Showing posts from March, 2019

Review: Dear Fahrenheit 451

Book lovers have a connection no matter their specific preferences. If you've read a book I love, or even one I didn't love, I don't care whether you consumed pages, pixels, or the dulcet tones of Juliet Stevenson or Bahni Turpin. You and I are pals. That is how I feel about Annie Spence, librarian and book lover. Our friendship began with the intriguing title Dear Fahrenheit 451: Love and Heartbreak in the Stacks , and it naturally grew.  Flip this book open to any page, and Spence will grab your attention with her wit, compassion, insight, and appreciation for what books mean in a life. Take To Kill a Mockingbird . (Seriously, go to the library, take it out.) (Just kidding.) (Not really.) She couches her letter to this book in her reading relationship with her family, primarily her oldest sister. The glimpses into their years growing up was heartwarming and charming, and not mushy or sentimental. The revelation at the end of her letter made me gasp. Annie — and I

Review: Year One

Nora Roberts is an unstoppable powerhouse. Not content with being successful in a single genre, the author has changed names and genres because she just has to write. A lot. I wished her well, but I didn't think she was up my alley. Then I caught sight of Year One in the grocery store (of all places), the hulking crow swooping out at unsuspecting shoppers — and began my relationship with Nora Roberts, the Dystopian Novelist. So far, so good. Year One takes place in current times. An unsuspecting wealthy New Yorker bags a bird on a hunting trip in Scotland and brings home more than he bargains for. As with all fatal diseases in modern tales, The Doom is highly contagious, shockingly swift, and ruthless: one mother dies from The Doom while her newborn does not. Good people go bad, or surrender to fear. Survivors find themselves in a weird, dangerous, and polarized world that is a little Mad Max, a little Stephen King, and way too much Trump's America. Year One chron

Critical Reviews: Trustworthy or Trolls?

What a reader considers a good book is both very personal and very public. One person's favorite book very well could be another person's nightmare. What is a reader to do if she wants to find out if a book is worth her time? Of course you reach out to your reading friends, ones you can trust regarding the author or genre in question. (If you don't, find some now — your life will be richer, and reading will get even more fun.) You may have a professional critic or two whom you trust and (mostly) agree with, which is a nice way to add to your towering TBR pile. You can accost the occasional stranger or two reading the book of interest — but if they snarl, back away slowly and don't take your eyes off them until their eyes have returned to the page. Online? Think twice, and proceed with extreme caution if you dare venture in. Back in the day, many readers believed online reviews were reliable, and a community of readers discussing books — in part because the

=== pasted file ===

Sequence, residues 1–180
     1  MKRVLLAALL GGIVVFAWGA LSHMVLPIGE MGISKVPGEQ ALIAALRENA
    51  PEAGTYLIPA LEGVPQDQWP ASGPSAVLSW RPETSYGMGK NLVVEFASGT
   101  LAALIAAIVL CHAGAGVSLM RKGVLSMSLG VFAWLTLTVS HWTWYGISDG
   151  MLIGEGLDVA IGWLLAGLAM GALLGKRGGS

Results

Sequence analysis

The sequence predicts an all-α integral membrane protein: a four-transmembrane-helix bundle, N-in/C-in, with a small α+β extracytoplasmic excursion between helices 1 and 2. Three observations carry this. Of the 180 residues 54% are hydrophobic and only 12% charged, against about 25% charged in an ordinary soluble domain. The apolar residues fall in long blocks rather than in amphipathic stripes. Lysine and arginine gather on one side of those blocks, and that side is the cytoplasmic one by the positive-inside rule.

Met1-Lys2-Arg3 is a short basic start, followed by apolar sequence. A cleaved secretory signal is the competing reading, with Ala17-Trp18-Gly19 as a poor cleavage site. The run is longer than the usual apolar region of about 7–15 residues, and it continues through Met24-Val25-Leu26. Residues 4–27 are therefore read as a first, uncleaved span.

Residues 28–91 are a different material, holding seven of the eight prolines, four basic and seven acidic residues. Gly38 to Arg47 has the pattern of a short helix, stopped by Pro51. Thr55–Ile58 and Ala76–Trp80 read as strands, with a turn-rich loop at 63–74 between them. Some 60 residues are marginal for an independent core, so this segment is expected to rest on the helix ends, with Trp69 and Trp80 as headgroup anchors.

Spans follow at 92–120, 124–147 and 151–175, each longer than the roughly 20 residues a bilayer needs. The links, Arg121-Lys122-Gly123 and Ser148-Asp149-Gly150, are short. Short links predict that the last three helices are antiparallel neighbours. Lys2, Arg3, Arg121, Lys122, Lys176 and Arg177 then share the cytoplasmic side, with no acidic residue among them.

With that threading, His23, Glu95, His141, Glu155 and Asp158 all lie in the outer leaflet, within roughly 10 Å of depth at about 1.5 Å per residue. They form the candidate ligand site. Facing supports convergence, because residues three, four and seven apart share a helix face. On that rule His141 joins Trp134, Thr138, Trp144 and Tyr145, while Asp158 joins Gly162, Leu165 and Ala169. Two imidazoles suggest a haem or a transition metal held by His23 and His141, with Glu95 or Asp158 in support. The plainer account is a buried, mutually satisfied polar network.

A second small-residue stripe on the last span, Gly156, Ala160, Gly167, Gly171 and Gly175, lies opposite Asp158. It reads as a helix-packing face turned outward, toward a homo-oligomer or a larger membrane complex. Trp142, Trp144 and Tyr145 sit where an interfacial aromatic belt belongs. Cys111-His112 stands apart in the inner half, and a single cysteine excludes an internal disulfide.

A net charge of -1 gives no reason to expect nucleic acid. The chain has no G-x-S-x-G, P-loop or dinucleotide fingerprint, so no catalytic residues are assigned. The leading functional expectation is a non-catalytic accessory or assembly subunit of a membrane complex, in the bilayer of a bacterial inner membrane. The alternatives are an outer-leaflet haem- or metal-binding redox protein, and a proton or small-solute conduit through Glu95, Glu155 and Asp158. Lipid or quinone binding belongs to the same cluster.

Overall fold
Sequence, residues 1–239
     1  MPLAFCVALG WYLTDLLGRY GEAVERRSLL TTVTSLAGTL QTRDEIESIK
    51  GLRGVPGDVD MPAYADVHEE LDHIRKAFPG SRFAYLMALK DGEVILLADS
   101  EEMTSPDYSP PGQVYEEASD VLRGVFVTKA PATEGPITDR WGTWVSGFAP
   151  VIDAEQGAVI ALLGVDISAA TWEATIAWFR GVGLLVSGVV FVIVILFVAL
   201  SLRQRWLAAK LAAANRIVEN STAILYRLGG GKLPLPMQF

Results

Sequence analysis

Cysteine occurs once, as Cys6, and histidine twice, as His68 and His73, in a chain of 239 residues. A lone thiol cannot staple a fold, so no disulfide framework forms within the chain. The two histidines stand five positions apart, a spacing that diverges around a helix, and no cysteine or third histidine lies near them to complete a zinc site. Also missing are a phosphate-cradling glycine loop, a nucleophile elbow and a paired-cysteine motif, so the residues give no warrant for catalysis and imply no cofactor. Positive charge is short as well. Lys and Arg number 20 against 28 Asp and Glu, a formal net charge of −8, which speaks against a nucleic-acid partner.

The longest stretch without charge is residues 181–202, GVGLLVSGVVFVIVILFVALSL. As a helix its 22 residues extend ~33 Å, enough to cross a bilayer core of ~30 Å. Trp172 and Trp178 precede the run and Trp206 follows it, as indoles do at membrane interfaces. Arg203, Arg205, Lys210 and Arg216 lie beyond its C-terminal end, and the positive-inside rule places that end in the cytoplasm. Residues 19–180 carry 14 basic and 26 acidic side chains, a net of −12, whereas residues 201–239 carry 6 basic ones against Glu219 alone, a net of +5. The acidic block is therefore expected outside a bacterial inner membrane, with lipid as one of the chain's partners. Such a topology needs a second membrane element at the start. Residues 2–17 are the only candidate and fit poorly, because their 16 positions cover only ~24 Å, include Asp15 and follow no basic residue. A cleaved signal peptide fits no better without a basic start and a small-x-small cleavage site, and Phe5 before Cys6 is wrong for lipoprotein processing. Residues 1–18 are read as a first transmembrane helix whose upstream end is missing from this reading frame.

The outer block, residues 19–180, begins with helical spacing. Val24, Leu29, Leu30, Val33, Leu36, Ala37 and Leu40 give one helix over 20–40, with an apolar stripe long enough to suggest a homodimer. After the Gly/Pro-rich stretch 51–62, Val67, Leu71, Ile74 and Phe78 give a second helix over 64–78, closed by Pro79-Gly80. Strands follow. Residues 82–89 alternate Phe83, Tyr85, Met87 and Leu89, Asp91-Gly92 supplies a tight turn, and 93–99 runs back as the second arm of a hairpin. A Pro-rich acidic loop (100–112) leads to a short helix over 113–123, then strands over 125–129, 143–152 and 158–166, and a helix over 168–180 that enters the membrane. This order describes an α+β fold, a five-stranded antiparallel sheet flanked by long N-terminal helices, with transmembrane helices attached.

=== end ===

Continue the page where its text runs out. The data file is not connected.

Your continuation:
Library Loot: Introspection, Legends, Language, and Ants

Going to My Library is like a gleeful shopping spree. I always pick up an unexpected variety of books snatched impulsively from the stacks, and I always have books on reserve, especially after consulting my trusted book sources. I never come home empty-handed. The last two stops at My Library were no exception. One of my husband's favorite musical soundtracks is  Oklahoma! , and a quick dive into the Internet unearthed some very interesting facts. Oklahoma! is based on the 1931 stage play Green Grow the Lilacs , which of course I had to read. Green was good — and it led me to Harvey , an even better play in the anthology I borrowed. If you haven't seen Harvey , go find it right away: the story about the delightful Elwood P. Dowd and his invisible friend is a madcap comedy that is sweet and surprisingly suspenseful. A friend at work mentioned in passing a book he read years ago about ants, originally written in French but translated into his native Korean. Did my libra

Polar Book Club: Discussion Begins in Three, Two...

We are mere days away from the discussion of the Polar Book Club. Are you ready? Join us in reading and discussing the novel The Lemoncholy Life of Annie Aster by Scott Wilbanks . It has two of my favorite plot devices: time travel and mystery. The author of the novel, Scott Wilbanks, offers a delightfully concise and tantalizing description of his novel: Annabelle Aster has discovered a curious thing behind her home in San Francisco: a letter box perched atop a picket fence. The note inside is blunt—“Trespass is dealt with at the business end of a shotgun in these parts!”— spurring some lively correspondence between the Bay Area orphan and her new neighbor, a feisty widow living in a nineteenth century Kansas wheat field.  The source of mischief is an antique door Annie installed at the rear of her house. The man who made the door—a famed Victorian illusionist—died under mysterious circumstances. Annie and her new neighbor, with the help of friends and strangers alike, mu